I have seen the phrase "different than" used, incorrectly, several times over the last month (here on E2, and in other media). This is an understandable mistake for non-native English users, but most of us should know better.
The only time it is appropriate to say "different than" is when you are comparing the different-ness of several things with respect to another thing: "With respect to pears, oranges are more different than apples". Beyond this unusual comparative use, it is proper to say "different from": "Apples are different from pears, but oranges are even more different from pears than apples."
The example of misuse at hand is the CD sleeve from Dr. Jeffrey Thompson's Brainwave Suite - Delta CD: "...audio tapes which are entirely different than anything done before." If the usage had been "...more different than anything...", "than" would be correct (if sloppy); as it stands, it should be "...entirely different from anything..."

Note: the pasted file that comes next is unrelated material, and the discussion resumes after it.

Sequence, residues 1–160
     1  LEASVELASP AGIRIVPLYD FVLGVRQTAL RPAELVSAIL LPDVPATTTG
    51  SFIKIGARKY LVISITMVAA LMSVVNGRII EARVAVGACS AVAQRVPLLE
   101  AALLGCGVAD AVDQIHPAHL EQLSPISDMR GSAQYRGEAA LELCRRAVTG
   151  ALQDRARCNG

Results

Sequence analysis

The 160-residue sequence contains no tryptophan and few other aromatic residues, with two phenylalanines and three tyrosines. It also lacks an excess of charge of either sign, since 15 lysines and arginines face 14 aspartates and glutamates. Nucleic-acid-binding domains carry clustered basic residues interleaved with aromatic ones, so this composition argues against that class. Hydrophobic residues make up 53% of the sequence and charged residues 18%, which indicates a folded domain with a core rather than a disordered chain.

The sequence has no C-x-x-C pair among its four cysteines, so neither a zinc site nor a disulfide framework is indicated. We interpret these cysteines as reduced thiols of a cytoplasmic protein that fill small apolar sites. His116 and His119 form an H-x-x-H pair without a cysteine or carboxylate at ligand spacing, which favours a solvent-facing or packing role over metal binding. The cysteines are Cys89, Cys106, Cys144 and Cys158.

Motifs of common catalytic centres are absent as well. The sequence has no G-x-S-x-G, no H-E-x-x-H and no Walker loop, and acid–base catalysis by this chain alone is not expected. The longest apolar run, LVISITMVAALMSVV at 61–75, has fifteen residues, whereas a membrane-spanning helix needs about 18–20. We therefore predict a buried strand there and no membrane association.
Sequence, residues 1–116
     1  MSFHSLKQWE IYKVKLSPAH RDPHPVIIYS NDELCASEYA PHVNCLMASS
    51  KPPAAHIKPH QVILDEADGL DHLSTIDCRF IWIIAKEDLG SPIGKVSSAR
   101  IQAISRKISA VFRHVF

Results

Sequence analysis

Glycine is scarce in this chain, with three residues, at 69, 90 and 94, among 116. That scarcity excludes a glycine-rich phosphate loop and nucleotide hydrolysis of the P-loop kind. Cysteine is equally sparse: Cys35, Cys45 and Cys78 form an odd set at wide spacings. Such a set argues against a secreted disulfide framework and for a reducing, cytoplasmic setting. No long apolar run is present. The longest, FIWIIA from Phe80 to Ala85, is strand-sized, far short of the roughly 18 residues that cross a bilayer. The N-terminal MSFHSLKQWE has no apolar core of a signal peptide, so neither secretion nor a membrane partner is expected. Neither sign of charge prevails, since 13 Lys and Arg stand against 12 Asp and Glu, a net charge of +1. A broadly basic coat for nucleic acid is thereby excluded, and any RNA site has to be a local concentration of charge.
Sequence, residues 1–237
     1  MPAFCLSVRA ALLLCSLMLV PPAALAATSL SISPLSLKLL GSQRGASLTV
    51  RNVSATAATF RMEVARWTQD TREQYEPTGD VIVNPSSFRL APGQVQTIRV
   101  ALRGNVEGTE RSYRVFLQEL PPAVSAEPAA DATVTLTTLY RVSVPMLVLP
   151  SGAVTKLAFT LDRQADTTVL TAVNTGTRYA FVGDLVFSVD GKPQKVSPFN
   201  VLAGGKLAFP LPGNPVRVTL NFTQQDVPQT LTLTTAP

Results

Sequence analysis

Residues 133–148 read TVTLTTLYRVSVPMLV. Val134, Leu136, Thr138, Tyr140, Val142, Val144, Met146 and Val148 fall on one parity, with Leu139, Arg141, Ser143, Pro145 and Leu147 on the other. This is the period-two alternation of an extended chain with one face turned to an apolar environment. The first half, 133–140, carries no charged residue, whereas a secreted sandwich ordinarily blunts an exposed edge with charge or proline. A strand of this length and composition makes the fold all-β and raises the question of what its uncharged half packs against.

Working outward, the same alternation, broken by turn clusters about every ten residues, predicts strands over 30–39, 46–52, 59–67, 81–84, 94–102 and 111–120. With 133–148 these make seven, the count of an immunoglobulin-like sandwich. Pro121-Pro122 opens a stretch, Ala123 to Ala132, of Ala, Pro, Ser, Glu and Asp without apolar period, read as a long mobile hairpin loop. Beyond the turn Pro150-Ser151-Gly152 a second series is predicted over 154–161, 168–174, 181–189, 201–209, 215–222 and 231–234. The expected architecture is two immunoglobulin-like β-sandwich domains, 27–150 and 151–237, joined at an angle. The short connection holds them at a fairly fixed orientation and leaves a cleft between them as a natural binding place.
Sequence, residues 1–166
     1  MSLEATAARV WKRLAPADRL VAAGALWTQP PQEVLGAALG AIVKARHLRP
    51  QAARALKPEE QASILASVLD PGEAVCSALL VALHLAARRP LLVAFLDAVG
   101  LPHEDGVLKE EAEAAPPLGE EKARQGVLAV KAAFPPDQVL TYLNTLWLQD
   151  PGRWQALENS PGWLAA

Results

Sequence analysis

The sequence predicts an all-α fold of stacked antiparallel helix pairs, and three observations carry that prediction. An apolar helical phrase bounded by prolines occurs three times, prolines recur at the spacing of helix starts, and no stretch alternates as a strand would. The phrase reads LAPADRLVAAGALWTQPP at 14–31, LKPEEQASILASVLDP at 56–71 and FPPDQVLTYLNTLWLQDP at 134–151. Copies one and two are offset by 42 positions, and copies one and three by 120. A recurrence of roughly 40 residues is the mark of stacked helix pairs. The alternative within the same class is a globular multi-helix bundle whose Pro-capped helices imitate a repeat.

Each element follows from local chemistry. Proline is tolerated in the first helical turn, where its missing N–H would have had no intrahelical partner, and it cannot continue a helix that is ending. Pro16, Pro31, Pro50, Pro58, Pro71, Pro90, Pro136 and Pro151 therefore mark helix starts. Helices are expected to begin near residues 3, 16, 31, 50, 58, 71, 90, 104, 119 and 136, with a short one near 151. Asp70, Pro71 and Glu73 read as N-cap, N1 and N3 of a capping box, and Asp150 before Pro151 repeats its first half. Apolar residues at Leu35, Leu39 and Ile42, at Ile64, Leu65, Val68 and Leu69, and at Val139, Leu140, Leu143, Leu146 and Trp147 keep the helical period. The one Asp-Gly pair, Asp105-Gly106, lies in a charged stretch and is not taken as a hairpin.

Remember: when comparing the extent of difference, use "more different than" or "less different than"; otherwise, use "different from".
According to Dictionary.com, "different from" and "different than" are both accepted uses in British and American English (also accepted in Britian is "different to").

It seems to be a long-standing debate, and there are usage rules for when to use "different than" and when to use "different from," so there is a distinction made, even by those who believe "different than" is a correct form.

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